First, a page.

He was largely responsible for leading the conservative movement further along its warmongering course; the National Review is a CIA front.

            And yes–he was a smug piece of shit.

  26. May 22, 2012 at 5:55 pm

    i was beaten by a cop and i went to the emergency to show my damages and document it and in court the cop said he didnt hit me but my lawyer wasnt afraid of him and yelled at the cop after showing evidence i had being assaulted , then the cop admitted he might have hit me a couple of times and then the judge says i dont believe the cop hit this young man after the cop just admitted it, portsmouth,va officer les nahue not sure of spelling and was an am a cripple ,he said he was gonna finish breaking my back ,, i hope that cop and judge and prosecuting attorney go straight to hell , early 1970,s

    • Brad Smith
      May 22, 2012 at 8:45 pm

      Damn. I hope he comes back as a three legged dog in Bangledesh. Let him get beat and kicked and have to eat out of garbage cans.

  27. May 22, 2012 at 6:03 pm

    now you know the rest of the story,what this country is up against

  28. May 22, 2012 at 6:26 pm

    police officers are supposed to be peace officers ,not law enforcement officers , cops ,judges and prosecuting attorneys are like little kids that need discipline from their parents but who are their parents gonna be when they are like runnaway kids ,and the only parents they have is the puppetmaster bankers who say keep doing what you are doing and we will pay and reward you well,now you know the rest of the story

  29. George
    May 22, 2012 at 10:24 pm

    “Oh, you citizens who love to travel! Do not forget that in every station there are a GPU branch and several prison cells.”
    - Aleksandr Solzhenitsyn, The Gulag Archipelago, Volume 1.

  30. Alex
    May 23, 2012 at 2:06 am

    Agree completely with this article, but I will say that geographical location and population density are a factor when dealing with LEOs.

    Out West, with obvious exceptions for California, Western WA & Western OR, cops & state troopers are not too obnoxious – have a more libertarian bent, tolerate reasonable victimless infractions more so than other regions, don’t get freaked out when they see a gun in your car(most of the West is gun friendly, probably because of the long distances if you’re attacked by a criminal)and so on. In much of the South and the East Coast it’s been my experience that they are more petty, write more tickets on the slightest pretext and are overall just more abusive of their powers and I think it’s due to the higher population density.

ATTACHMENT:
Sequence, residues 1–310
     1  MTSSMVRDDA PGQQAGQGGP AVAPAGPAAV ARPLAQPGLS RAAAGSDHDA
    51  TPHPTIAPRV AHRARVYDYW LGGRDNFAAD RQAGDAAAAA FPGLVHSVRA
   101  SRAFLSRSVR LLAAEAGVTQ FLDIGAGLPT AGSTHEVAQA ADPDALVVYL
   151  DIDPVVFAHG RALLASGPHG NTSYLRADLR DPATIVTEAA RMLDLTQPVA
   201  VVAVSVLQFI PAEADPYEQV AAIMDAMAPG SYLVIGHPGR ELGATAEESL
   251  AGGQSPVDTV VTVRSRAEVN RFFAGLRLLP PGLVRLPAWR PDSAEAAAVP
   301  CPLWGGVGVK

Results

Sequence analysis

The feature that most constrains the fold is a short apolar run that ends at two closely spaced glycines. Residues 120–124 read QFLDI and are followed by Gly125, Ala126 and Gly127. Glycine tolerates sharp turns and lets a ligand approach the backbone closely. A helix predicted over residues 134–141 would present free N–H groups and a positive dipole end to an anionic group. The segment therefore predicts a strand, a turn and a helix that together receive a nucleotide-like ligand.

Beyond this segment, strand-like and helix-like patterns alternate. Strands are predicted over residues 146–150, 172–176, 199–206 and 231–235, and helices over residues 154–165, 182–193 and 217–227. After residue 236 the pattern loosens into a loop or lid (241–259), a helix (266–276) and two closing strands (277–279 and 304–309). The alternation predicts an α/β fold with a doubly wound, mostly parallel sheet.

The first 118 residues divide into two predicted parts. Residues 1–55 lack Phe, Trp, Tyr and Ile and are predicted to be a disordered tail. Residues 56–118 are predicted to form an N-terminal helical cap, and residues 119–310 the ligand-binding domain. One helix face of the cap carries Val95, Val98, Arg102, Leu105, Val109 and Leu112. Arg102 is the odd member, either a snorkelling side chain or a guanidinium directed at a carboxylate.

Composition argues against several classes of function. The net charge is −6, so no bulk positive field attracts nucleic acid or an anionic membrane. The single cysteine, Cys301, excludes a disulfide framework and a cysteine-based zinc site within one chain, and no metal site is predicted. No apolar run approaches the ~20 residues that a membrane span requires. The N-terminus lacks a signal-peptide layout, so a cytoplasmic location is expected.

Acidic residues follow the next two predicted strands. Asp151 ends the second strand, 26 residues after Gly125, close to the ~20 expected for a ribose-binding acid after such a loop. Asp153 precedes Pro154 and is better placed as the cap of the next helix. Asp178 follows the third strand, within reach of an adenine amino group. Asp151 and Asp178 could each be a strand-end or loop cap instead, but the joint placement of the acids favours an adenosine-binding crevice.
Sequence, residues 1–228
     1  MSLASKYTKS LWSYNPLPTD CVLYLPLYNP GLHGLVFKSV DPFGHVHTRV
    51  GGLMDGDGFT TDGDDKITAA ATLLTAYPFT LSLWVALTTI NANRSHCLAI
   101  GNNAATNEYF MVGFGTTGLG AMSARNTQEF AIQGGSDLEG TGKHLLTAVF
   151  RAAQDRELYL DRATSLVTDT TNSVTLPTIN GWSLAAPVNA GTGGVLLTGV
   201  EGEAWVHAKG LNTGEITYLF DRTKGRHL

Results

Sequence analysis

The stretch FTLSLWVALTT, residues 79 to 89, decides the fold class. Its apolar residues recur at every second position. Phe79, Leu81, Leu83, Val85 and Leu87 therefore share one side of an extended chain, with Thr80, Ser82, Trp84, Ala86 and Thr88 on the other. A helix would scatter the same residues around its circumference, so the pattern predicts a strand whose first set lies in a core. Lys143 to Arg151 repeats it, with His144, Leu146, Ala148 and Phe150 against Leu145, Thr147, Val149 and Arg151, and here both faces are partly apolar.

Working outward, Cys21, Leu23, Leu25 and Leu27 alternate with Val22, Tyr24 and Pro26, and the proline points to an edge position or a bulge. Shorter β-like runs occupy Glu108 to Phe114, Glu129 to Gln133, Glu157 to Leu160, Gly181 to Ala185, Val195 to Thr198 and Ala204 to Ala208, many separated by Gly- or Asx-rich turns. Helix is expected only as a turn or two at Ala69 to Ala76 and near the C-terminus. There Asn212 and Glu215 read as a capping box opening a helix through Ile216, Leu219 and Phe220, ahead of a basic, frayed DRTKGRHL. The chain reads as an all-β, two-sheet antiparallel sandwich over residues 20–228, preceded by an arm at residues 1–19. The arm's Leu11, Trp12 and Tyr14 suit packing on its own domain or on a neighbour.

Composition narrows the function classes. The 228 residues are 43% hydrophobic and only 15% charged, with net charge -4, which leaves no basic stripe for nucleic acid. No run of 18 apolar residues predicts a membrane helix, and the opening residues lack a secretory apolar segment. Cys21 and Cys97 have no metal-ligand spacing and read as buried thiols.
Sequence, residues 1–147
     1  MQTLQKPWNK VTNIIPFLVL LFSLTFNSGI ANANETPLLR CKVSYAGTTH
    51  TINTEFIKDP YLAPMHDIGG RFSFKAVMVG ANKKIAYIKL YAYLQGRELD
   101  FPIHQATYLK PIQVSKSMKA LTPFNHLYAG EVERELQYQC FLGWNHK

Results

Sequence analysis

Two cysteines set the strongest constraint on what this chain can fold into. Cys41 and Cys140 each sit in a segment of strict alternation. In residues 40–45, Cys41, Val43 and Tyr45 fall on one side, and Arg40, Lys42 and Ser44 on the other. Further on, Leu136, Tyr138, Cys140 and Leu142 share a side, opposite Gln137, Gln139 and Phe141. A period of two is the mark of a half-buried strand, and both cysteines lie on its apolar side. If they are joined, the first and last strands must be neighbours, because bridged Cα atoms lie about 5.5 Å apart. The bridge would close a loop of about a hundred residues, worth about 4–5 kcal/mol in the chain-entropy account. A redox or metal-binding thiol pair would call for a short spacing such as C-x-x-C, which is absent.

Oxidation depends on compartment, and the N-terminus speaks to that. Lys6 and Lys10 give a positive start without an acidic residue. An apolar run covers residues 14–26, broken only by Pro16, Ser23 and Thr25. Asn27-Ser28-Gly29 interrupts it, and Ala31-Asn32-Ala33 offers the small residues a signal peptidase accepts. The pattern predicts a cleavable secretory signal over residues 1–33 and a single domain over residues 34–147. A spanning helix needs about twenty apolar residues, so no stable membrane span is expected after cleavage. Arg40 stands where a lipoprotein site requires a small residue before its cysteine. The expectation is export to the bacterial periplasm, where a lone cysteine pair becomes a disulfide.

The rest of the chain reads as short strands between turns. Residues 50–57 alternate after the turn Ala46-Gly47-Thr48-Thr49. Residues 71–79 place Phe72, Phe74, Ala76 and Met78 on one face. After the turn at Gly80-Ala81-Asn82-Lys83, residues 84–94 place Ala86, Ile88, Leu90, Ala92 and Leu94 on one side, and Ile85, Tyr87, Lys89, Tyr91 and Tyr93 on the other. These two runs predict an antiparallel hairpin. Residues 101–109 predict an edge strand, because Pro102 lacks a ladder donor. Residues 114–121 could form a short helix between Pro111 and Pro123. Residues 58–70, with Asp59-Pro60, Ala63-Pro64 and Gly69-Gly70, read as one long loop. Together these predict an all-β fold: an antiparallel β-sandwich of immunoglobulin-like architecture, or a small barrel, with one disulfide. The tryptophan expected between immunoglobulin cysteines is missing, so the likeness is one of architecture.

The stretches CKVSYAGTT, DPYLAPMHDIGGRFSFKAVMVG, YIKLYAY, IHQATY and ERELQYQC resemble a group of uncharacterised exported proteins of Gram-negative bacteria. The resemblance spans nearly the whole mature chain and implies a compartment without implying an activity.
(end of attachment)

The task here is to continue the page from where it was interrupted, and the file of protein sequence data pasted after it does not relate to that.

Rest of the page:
If you want to see the future, if people don’t wise up, just look at what’s going on in Tennessee, a beautiful state ruined by VIPER checkpoints, unreasonable searches and seizures.

    I suspect when they go too far you’ll see more violence between cops and civilians, regardless of the odds of resistance, starting from those with nothing to lose.

    • May 23, 2012 at 9:57 am

      Density is a factor in my experience, too. In part because in a low density areas, you stand less chance of having to deal with them at all. And if you do, as you say, they tend to be less obnoxious. I think it’s because low density areas tend to have elected sheriffs rather than appointed police chiefs. It imposes at least some accountability.

      Nonetheless, I agree with you that we’re rapidly approaching the shit or get off the pot moment. Either enough of us will decide – that’s it, I’m not talking it anymore – or all of us will live in a continental gulag.

      • Tinsley Grey Sammons
        May 23, 2012 at 10:27 am

        Armed with bad laws, police have become revenue collectors. It is insufferable but what exactly should the People do about it?

        tgsam

    • Scott
      May 23, 2012 at 10:43 pm

      “starting from those with nothing to lose”

      I think this is an accurate prediction of how its going to go down. It will start with those who have nothing to lose. As social analysts looking for the “tipping point”, we’d be well advised to consider this observation well; it has immense predictive capacity.

  31. May 23, 2012 at 4:09 am

    Didn’t the great philosopher, social observer and commentator Mick Jagger warn us over 40 years ago that “every cop is a criminal?”

    Frank Chodorov was more specific: “Since every privilege amounts to getting something for nothing, no privilege can be self-enforcing. Taking property always requires force, and legalized force is the most expedient. The sovereignty of the state, backed by general acquiescence, is the source of privilege. It is the gangster’s gun made shiny by the law.”

    • May 23, 2012 at 9:50 am

      Frank Chodorov (and Leonard Read) saw what was coming 75 years ago. We’re almost there now.

      • Mike in Spotsy
        May 24, 2012 at 3:22 am